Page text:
This is not saying that you will not encounter failure. There are times you might but failing would make you wiser and more careful so you will try better on your next attempts to succeed and will not stop until you get your desired results. The function of failure is to tell you what does not work, not to prevent you from trying again.
Is trying to unlock one’s full potential an attempt to be perfect?
It is not. It is simply an attempt to attain complete and holistic development. It is an organized effort to discover and cultivate one’s natural powers and abilities.
There’s one personal duty that we are free to perform or not – that is discovering how far we could develop ourselves – how productive we could become. It is an opportunity that some people chose to pass up. We indeed have the freedom to choose. It is just unfortunate that some people would choose not to make themselves better.
When you try to develop fully as an individual, you are not attempting to be perfect and blameless. No person could ever attain perfection in the areas that Psychology refers to as different dimensions of individuality, namely physical, intellectual, emotional, moral, and social.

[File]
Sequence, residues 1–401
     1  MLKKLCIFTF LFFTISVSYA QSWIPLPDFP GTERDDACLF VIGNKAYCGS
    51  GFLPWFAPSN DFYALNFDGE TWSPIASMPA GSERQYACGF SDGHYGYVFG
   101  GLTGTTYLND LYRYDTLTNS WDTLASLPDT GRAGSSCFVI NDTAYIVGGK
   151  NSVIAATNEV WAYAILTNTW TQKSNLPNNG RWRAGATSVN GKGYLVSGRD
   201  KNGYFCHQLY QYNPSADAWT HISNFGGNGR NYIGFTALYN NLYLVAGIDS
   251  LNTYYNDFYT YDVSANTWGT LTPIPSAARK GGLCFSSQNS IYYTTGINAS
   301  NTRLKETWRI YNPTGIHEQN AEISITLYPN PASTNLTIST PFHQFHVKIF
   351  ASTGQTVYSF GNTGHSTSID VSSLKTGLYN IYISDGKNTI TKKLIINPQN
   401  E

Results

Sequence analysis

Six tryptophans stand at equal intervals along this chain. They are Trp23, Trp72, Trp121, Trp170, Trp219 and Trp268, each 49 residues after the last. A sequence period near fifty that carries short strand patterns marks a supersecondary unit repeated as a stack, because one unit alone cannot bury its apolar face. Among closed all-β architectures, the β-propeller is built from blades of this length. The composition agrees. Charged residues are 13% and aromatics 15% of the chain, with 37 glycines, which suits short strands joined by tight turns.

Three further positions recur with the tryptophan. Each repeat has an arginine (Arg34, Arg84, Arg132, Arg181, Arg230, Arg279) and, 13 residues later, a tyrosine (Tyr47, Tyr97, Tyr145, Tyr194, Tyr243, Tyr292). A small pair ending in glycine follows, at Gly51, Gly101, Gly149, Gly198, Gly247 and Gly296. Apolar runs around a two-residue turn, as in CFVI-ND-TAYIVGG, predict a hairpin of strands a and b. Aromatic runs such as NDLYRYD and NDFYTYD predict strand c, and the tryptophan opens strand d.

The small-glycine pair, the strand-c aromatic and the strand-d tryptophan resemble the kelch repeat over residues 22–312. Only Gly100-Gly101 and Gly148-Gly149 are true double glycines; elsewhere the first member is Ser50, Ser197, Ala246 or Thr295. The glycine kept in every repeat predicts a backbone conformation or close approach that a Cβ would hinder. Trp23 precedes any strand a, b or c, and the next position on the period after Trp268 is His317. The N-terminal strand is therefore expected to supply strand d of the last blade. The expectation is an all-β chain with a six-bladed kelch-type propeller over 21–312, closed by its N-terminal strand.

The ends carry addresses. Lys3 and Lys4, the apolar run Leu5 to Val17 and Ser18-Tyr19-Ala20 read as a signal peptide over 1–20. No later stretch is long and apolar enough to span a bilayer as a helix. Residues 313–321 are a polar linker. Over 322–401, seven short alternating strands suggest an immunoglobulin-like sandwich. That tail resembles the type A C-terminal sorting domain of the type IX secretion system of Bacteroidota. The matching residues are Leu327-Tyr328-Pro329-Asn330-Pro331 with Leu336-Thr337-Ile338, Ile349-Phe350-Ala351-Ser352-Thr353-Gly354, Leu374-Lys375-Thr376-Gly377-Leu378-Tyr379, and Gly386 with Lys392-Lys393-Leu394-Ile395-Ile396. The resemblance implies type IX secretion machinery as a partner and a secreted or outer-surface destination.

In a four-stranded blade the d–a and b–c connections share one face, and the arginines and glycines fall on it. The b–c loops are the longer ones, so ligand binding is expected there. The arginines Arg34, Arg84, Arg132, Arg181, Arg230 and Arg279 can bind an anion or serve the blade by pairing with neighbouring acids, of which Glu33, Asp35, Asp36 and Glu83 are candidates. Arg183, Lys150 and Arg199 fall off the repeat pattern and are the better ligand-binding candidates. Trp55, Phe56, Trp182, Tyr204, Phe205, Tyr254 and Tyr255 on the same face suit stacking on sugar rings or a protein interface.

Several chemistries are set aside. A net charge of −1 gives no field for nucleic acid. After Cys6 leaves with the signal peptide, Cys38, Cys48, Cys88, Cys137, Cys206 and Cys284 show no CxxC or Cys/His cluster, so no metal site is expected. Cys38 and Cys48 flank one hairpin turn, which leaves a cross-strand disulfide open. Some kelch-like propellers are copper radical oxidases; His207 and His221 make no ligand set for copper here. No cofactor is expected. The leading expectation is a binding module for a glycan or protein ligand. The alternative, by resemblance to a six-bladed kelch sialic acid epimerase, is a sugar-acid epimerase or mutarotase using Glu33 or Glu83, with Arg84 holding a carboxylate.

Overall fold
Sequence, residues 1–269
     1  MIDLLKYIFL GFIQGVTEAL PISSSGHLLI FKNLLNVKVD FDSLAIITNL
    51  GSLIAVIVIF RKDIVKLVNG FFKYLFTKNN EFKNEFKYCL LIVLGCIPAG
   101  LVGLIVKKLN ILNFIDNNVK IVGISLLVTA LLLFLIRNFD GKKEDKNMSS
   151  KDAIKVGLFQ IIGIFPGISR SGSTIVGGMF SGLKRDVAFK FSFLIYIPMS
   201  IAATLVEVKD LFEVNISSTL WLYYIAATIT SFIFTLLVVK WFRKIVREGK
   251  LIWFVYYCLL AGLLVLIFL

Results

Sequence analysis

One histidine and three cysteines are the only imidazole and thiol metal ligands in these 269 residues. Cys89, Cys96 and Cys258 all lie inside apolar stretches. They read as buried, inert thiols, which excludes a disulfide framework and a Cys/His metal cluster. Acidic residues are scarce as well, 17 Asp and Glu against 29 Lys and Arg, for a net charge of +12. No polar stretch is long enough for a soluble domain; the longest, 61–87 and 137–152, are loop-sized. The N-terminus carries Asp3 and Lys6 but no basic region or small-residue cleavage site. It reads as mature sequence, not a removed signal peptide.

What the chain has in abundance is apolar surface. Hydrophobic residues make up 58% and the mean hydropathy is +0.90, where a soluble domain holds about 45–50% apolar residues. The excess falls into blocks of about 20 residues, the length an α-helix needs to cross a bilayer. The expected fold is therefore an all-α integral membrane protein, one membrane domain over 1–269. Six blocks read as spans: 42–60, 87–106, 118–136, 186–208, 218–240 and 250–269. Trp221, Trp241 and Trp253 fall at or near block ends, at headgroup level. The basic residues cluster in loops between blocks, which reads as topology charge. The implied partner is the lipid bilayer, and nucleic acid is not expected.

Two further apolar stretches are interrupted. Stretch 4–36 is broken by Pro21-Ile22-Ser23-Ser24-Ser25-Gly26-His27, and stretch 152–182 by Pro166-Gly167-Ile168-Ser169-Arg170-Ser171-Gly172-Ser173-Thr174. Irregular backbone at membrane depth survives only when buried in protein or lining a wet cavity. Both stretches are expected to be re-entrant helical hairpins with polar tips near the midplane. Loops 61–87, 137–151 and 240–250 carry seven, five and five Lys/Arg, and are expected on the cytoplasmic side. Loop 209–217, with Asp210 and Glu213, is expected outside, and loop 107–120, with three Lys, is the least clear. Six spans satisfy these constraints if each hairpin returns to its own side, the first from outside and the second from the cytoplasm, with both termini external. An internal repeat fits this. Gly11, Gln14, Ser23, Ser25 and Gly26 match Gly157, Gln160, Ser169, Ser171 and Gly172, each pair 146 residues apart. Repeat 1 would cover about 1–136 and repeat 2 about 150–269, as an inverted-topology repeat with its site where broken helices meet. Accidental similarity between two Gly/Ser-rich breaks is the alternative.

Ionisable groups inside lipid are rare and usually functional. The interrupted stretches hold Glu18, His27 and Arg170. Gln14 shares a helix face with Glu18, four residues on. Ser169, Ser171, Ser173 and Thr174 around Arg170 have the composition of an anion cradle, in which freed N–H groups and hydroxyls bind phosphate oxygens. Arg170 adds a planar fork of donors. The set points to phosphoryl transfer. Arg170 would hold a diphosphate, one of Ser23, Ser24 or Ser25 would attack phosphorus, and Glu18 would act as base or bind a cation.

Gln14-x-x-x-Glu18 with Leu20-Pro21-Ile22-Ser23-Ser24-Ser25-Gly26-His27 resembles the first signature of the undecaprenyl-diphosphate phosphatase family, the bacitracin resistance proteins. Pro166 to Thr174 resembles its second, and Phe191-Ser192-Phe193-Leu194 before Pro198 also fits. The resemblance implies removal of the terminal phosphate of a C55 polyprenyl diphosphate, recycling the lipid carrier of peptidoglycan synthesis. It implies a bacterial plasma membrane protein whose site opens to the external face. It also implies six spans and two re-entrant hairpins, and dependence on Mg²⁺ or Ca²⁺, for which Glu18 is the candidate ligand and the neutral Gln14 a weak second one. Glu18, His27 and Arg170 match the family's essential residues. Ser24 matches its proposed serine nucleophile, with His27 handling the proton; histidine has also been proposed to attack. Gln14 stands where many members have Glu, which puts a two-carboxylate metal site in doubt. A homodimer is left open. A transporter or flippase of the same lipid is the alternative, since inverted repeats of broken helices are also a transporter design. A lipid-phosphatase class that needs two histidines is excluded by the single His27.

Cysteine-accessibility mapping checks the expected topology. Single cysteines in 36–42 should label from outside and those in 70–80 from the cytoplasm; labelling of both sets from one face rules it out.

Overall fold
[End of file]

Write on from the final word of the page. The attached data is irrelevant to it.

Trying to be holistically developed is not about becoming perfect. For me, any attempt to be perfect would end in a disappointment for nobody would ever be perfect. Hara Estroff Marano, as quoted by Jim Kwik in his book “Limitless,” said, “perfectionism reduces creativity and innovation. It is an endless report card; it keeps people completely self-absorbed, engaged in perpetual self-evaluation – reaping relentless frustration and doomed to anxiety and depression.”
Attempting to be holistically developed is trying to attain your best form in the different dimensions of individuality until you reach the full extent of your capabilities. And while some people would not bother to discover what talents and skills they have, some are trying to go beyond the limits of whatever they discovered they are capable of doing.
We often hear people say that despite them working hard they could not reach their goals, have what they want, and be where they want to be. They don’t understand why for them success is so elusive.
When people do not achieve their goals it is possible that they have either not done everything right or have not exerted enough effort.
People may reason out after not getting the results they want that it was the best they could do. And that’s another problem – them setting their limitations or allowing other to set the limitations for them. There are no odds so insurmountable for those who do not know how to give up.
One of the reasons why people don’t get what they want – – they did not do their best or they thought their best is already their best not knowing what they thought is already their best is only the tip of the iceberg which we call their full potential – their maximal capability.